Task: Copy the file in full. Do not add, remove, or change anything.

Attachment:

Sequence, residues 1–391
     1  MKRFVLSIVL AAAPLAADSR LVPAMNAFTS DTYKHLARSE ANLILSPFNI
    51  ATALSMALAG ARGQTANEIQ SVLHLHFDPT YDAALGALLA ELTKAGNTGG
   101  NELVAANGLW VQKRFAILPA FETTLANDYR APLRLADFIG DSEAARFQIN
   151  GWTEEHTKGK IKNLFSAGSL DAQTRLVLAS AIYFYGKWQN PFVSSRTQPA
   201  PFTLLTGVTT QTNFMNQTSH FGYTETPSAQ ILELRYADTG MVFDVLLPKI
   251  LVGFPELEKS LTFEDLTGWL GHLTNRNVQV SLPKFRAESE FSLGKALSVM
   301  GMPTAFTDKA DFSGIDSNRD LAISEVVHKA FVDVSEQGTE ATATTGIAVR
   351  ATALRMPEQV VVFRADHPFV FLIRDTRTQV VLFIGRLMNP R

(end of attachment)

Sequence, residues 1–391
     1  MKRFVLSIVL AAAPLAADSR LVPAMNAFTS DTYKHLARSE ANLILSPFNI
    51  ATALSMALAG ARGQTANEIQ SVLHLHFDPT YDAALGALLA ELTKAGNTGG
   101  NELVAANGLW VQKRFAILPA FETTLANDYR APLRLADFIG DSEAARFQIN
   151  GWTEEHTKGK IKNLFSAGSL DAQTRLVLAS AIYFYGKWQN PFVSSRTQPA
   201  PFTLLTGVTT QTNFMNQTSH FGYTETPSAQ ILELRYADTG MVFDVLLPKI
   251  LVGFPELEKS LTFEDLTGWL GHLTNRNVQV SLPKFRAESE FSLGKALSVM
   301  GMPTAFTDKA DFSGIDSNRD LAISEVVHKA FVDVSEQGTE ATATTGIAVR
   351  ATALRMPEQV VVFRADHPFV FLIRDTRTQV VLFIGRLMNP R